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My grandfather’s grave should not be in this state
1:10pm Wednesday 20th June 2012 in News
A WORCESTER cemetery has become so overgrown that it is both an eyesore and a safety hazard, says a concerned resident who visits regularly to pay his respects to his grandfather.
Stephen Ratcliffe has been tending to his grandfather Bill Staight’s grave at Astwood Road Cemetery, in Rainbow Hill, since his death in 1992. He has visited at least once a month over the 20 years since and said that, until recently, the area had always been fairly well tended.
However, this has not been the case in recent weeks and Mr Ratcliffe has even had to resort to cutting the area around his grandfather’s grave to keep it in order.
“The grass has been getting longer and longer and I would say that it has been a real safety hazard for at least a month or so now,” said the 41-year-old, of Langdale Drive, Warndon.
“Someone could very easily trip on a stone or a grave that they cannot see and seriously hurt themselves. It is also a real eyesore.
"I admit that a lot of the graves there are older and never tended to, but there are some, such as my grandfather’s, that are and it is not really what you would expect.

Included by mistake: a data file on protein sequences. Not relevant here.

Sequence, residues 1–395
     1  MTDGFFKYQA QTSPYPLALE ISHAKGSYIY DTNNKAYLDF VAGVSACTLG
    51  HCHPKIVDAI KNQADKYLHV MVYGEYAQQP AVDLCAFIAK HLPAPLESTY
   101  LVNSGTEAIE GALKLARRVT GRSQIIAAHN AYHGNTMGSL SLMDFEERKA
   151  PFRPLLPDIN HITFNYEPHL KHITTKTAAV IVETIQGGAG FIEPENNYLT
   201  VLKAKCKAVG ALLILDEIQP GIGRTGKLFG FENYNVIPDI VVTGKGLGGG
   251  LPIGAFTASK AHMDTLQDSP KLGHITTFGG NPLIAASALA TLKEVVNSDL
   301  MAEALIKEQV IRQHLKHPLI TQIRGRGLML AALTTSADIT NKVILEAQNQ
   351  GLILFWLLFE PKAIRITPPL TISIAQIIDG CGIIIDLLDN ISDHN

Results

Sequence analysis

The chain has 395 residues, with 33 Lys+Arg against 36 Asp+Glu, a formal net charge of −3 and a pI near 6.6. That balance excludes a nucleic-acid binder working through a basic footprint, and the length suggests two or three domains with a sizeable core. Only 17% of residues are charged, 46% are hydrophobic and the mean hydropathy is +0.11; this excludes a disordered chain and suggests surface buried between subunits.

"You only have to look at St John’s Cemetery, for example, which is immaculate.”
Worcester City Council, which is responsible for the cemetery’s upkeep, said that the extremely wet weather of recent months had seen it fall behind with cutting the grass in some areas.
“Some areas of the cemetery, which are the most visited, have a weekly grass cut while the less visited areas have a monthly cut. The grass on the old part of the cemetery is cut monthly,” a spokesman said.
“There have been three cuts in the old part so far this year but due to the extremely wet weather over the spring and summer, the council is a bit behind with the monthly cut areas.
“We are working very hard to catch up but the grass is growing very quickly at the moment because of the rain and warmer weather.”
They added that, in a recent survey of cemetery users, 89 per cent of those who responded thought the area was kept well.